Once you see how strong your child’s need and desire for closeness are, you may choose to stay with her at bedtime. In this situation, as in many others, you’ll have to lower your expectations. While you’ll have less free time, you’ll also eliminate many nighttime problems associated with your child’s loneliness, fear, and insecurity, and you’ll help your child end the day in a calm and relaxed way.
If you decide to stay with your child until she falls asleep, you may find that few people you discuss the situation with will give you support and encouragement. Many parents do stay with their children, but few talk about it because they fear criticism. In a parent discussion group, one mother blurted out that her baby wouldn’t fall asleep unless she was nursed. She expected to hear criticism, but instead saw other mothers at the meeting nod their heads. Their babies behaved the same way.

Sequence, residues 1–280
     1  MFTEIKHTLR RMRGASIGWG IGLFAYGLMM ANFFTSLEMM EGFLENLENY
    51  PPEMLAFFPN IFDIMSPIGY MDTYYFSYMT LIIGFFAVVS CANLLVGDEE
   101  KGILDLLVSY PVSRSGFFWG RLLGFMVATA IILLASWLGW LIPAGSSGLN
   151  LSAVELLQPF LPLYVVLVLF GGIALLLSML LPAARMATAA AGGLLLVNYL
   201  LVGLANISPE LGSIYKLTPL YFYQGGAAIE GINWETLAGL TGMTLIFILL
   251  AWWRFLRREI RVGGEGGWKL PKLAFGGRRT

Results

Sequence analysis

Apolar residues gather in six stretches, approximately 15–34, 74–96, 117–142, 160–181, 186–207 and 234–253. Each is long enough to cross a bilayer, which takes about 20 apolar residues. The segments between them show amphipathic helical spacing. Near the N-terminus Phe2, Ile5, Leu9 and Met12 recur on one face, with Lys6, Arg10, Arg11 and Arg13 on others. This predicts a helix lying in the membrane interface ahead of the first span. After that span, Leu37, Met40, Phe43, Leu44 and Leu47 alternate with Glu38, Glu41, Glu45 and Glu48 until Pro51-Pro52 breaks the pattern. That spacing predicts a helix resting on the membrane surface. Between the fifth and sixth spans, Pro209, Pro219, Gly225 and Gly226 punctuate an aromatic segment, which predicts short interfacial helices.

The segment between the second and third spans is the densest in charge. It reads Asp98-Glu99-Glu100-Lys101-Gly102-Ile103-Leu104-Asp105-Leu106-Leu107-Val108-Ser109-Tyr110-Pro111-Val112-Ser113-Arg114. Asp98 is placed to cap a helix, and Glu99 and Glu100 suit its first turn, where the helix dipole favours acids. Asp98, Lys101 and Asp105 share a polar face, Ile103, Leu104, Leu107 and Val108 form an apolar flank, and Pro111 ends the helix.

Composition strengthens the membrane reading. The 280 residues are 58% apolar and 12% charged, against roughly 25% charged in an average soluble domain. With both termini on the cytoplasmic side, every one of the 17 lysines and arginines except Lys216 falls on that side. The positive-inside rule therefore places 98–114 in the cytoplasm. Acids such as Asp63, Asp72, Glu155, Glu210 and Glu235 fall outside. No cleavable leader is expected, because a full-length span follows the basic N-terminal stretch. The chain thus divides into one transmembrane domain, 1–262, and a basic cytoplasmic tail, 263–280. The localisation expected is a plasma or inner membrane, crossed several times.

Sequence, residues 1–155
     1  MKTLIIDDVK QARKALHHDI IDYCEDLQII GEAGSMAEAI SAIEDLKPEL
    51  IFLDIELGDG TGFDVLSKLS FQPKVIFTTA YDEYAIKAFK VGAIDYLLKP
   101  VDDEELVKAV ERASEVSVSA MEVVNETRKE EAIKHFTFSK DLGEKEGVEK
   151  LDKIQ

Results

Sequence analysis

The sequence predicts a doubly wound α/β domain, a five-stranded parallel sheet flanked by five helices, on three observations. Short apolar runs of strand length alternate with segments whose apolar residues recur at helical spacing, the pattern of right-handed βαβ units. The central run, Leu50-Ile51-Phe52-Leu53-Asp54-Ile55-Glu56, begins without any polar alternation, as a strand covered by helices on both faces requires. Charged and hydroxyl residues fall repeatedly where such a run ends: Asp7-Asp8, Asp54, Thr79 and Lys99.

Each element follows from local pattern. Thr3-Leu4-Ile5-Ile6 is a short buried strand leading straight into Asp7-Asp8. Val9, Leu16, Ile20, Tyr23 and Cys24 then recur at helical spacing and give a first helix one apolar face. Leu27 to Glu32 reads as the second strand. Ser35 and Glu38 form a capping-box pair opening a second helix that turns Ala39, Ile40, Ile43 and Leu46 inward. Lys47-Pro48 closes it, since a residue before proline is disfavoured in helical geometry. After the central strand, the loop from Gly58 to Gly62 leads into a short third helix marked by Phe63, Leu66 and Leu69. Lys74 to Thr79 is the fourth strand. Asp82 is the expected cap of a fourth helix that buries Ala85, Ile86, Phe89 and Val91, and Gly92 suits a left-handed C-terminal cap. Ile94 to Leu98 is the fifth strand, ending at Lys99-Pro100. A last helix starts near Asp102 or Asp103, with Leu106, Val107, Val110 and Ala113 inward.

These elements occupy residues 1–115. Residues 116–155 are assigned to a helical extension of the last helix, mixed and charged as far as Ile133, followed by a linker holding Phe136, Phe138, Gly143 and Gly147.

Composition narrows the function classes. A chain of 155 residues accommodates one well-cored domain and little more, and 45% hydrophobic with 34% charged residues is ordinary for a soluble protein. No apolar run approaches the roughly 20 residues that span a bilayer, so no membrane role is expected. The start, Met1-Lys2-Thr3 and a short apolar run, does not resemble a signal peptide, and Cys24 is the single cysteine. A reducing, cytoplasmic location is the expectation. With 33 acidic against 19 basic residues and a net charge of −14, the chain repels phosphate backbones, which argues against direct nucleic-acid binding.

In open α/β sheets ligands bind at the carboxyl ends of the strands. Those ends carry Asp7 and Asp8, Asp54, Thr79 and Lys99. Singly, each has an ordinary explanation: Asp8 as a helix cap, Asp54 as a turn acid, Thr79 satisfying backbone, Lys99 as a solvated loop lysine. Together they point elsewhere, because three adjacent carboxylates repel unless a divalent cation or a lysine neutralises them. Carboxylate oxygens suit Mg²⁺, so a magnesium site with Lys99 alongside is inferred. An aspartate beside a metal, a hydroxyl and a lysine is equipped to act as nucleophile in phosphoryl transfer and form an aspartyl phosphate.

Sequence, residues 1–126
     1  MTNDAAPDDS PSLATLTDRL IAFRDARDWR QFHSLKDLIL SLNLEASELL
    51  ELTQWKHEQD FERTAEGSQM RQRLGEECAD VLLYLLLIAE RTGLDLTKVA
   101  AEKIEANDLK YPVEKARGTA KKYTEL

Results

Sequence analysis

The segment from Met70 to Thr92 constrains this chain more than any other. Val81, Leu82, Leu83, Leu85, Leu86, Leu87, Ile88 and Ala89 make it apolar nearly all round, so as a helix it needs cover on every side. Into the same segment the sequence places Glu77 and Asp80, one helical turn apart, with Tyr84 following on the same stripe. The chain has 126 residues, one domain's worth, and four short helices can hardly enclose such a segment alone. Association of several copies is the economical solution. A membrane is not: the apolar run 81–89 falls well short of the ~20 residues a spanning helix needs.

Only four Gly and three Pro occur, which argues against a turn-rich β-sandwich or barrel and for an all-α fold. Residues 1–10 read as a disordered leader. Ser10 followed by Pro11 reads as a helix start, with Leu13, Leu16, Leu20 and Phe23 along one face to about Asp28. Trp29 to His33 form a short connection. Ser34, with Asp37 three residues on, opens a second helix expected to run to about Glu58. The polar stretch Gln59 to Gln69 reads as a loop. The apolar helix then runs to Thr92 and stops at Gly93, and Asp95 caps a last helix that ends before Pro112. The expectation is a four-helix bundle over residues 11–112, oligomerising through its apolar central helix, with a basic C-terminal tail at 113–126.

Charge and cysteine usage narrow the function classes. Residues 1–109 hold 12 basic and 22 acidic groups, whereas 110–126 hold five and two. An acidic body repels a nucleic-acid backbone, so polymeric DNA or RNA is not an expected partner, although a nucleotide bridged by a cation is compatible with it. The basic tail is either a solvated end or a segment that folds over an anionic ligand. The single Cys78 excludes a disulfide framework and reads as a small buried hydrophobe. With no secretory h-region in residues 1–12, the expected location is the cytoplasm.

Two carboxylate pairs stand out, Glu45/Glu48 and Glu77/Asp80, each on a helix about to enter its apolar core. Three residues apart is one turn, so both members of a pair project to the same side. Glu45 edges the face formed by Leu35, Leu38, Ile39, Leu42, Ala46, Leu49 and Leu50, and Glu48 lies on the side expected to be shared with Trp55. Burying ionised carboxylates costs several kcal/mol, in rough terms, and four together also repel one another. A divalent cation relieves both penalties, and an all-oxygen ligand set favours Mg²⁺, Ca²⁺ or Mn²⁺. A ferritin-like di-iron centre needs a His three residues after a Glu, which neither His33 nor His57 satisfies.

The time you spend helping your child fall asleep should be pleasant for both of you. You can use the time to relax, think, enjoy your child’s closeness, or read. At times you’ll probably nap or even fall asleep for the night. You may want to adjust your schedule to accommodate this by getting up earlier in the morning.
You may be afraid that if you stay with your child at bedtime, she’ll become manipulative or unwilling to ever fall asleep alone. It’s true that she’ll get used to having you with her, but as she gets older, her need for your company at bedtime will lessen.